In our interview, Elsa Kania and Sam Bendett explain what China and Russia have learned from the American way of warfighting – and from Russia’s success in Syria. The short answer: everything. But instead of leaving us smug, I argue it ought to leave us worried about surprise. Elsa and Sam both try to predict where the surprises might come from. Yogi Berra makes an appearance.
Our interview is with two men who overcame careers as lawyers and journalists to become serial entrepreneurs now trying to solve the “fake news” problem. Gordon Crovitz and Steve Brill co-founded NewsGuard to rate news sites on nine journalistic criteria. Using, of all things, real people instead of algorithms. By the end of the interview, I’ve confessed myself a reluctant convert to the effort. This is despite NewsGuard’s treatment of Instapundit, which Gordon Crovitz and I both read regularly but which has not received a green check.
We interview Dmitri Alperovitch of CrowdStrike on the company’s 2019 Global Threat Report, which features a ranking of Western cyber adversaries based on how long it takes each of them to turn a modest foothold into code execution on a compromised network. The Russians put up truly frightening numbers – from foothold to execution in less than twenty minutes – but the real surprise is the North Koreans, who clock in at 2:20. The Chinese take the bronze at just over 4 hours. Dmitri also gives props to a newcomer – South Korea – whose skills are substantial.
The backlash against Big Tech dominates the episode, with new regulatory initiatives in the US, EU, Israel, Russia, and China. The misbegotten link tax and upload filter provisions of the EU copyright directive have survived the convoluted EU legislative gantlet. My prediction: the link tax will fail because Google wants it to fail, but the upload filter will succeed because Google wants YouTube’s competitors to fail.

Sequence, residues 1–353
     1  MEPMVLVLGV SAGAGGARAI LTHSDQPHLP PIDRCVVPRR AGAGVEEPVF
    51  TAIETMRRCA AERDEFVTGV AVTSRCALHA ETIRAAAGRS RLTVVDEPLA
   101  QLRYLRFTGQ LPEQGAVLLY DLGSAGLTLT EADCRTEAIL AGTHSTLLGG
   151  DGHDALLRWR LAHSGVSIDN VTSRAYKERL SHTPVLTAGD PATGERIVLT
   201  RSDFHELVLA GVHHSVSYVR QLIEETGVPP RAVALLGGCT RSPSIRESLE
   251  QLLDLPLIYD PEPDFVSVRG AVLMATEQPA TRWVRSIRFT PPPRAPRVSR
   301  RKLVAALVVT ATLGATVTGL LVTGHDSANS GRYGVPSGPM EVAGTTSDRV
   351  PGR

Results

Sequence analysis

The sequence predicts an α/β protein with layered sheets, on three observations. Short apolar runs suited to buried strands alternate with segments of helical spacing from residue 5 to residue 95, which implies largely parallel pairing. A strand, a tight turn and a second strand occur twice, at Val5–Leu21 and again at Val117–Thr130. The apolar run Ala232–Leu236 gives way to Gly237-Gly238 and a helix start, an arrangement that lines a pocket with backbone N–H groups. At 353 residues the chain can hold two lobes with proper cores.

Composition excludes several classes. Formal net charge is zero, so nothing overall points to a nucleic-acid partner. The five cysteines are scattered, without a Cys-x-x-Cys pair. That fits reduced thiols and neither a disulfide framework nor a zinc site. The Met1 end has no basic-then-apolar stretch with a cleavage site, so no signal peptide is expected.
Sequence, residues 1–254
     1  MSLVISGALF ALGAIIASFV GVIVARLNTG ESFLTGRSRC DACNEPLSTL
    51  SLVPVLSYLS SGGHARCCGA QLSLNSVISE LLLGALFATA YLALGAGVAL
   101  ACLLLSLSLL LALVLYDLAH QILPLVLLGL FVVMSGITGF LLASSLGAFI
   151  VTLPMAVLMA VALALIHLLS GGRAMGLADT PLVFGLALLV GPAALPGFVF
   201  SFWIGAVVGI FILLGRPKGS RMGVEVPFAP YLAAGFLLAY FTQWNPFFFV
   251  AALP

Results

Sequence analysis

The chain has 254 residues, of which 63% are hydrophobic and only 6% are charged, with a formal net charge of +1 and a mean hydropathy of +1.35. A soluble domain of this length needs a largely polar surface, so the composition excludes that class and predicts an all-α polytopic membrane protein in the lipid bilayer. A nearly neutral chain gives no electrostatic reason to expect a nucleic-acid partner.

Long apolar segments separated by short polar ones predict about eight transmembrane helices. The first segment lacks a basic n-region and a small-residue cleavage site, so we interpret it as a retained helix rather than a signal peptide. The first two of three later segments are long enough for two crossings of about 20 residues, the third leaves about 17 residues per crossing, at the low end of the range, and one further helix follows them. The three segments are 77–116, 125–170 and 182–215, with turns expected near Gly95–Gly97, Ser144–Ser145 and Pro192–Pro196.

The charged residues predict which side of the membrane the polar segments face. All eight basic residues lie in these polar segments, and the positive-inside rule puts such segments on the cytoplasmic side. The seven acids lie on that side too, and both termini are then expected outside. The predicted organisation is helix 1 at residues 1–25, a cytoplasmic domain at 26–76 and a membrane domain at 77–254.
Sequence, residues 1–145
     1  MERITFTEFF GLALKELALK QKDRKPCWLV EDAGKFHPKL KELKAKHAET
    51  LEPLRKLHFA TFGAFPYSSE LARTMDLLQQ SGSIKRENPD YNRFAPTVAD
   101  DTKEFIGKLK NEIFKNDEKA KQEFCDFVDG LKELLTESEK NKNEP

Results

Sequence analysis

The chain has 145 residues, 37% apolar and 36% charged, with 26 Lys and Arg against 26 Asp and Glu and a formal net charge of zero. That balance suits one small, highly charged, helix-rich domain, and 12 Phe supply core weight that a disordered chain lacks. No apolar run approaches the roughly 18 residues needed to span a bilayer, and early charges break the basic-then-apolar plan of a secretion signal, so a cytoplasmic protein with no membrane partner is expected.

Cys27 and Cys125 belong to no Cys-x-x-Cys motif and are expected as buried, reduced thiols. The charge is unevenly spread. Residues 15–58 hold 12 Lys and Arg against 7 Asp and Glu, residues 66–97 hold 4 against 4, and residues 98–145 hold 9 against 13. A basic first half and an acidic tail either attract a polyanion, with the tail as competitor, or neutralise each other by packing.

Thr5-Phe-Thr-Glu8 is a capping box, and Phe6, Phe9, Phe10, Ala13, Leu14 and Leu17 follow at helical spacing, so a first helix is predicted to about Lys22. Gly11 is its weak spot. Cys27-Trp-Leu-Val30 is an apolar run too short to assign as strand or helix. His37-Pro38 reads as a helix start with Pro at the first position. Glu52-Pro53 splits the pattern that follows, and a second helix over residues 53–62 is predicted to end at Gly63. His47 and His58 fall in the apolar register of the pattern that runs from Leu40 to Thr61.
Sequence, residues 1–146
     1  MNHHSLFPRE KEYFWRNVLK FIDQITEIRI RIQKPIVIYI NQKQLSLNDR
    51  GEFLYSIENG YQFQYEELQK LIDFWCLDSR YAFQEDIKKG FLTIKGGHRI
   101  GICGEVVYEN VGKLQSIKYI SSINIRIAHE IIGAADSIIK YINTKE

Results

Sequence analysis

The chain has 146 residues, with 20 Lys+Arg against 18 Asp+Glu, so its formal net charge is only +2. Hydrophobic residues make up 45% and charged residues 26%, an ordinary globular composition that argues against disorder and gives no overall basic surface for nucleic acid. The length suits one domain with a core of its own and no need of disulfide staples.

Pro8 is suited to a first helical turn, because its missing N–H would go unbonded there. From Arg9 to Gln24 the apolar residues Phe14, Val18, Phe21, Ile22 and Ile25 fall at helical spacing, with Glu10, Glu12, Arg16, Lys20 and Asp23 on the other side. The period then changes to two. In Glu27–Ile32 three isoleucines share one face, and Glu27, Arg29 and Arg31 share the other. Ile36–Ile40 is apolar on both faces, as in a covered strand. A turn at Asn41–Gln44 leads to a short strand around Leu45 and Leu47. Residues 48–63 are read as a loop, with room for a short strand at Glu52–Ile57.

If you get SMS messages on your phone and think you have two-factor authentication, you’re kidding yourself. That’s the message Nick Weaver and David Kris extract from two stories we cover in this week’s episode of The Cyberlaw Podcast – DOJ’s indictment of a couple of kids whose hacker chops are modest but whose social engineering skillz are remarkable. They used those skills to bribe or bamboozle phone companies into changing the phone numbers of their victims, allowing them to intercept all the two-factor authentication they needed to steal boatloads of cryptocurrency. For those with better hacking chops than social skills, there’s always exploitation of SS7 vulnerabilities, which allow interception of text messages without all the muss and fuss of changing SIM cards.
Our blockchain colleagues recently published an article on the rapidly evolving landscape where blockchain intersects with data security and privacy. If you’ve ever wondered how blockchains can be considered secure even though hacks of cryptocurrency exchanges routinely make headlines, or whether distributing a permanent ledger to every participant in a network might run afoul of privacy laws and regulations then be sure to check out “Cybersecurity Tech Basics: Blockchain Technology Cyber Risks and Issues” and learn more about these issues.”
If the surgeon about to operate on you has been disciplined for neglecting patients, wouldn’t you like to know? Well, the mandarins of the European Union privacy lobby beg to differ. Google has been told by a Dutch court not to index that story, and there seems to have been a six-month lag in disclosing even the court ruling. That’s part of this week’s News Roundup. Gus Hurwitz and I are appalled. I tout my long-standing view that in the end, privacy law just protects the privileged. Gus agrees.
The interview is with John Carlin, author of Dawn of the Code War. It’s a great inside story of how we came to indict China’s hacker-spies for attacking US companies.
So says the remarkable Jeff Jonas, CEO of Senzing. And he’s got a claim to be doing just that. A data scientist before data science was cool, Jeff has used his technical skills and an intuitive grasp of complex data problems to stop card counters in Las Vegas and terrorists targeting the US, and then to launch an initiative making voter registration more accurate and widespread. Most recently, in the course of an effort to improve maritime security around Singapore, he also found a key to identifying asteroids that are about to collide with each other and head off on a new course (one that might intersect with, well, ours).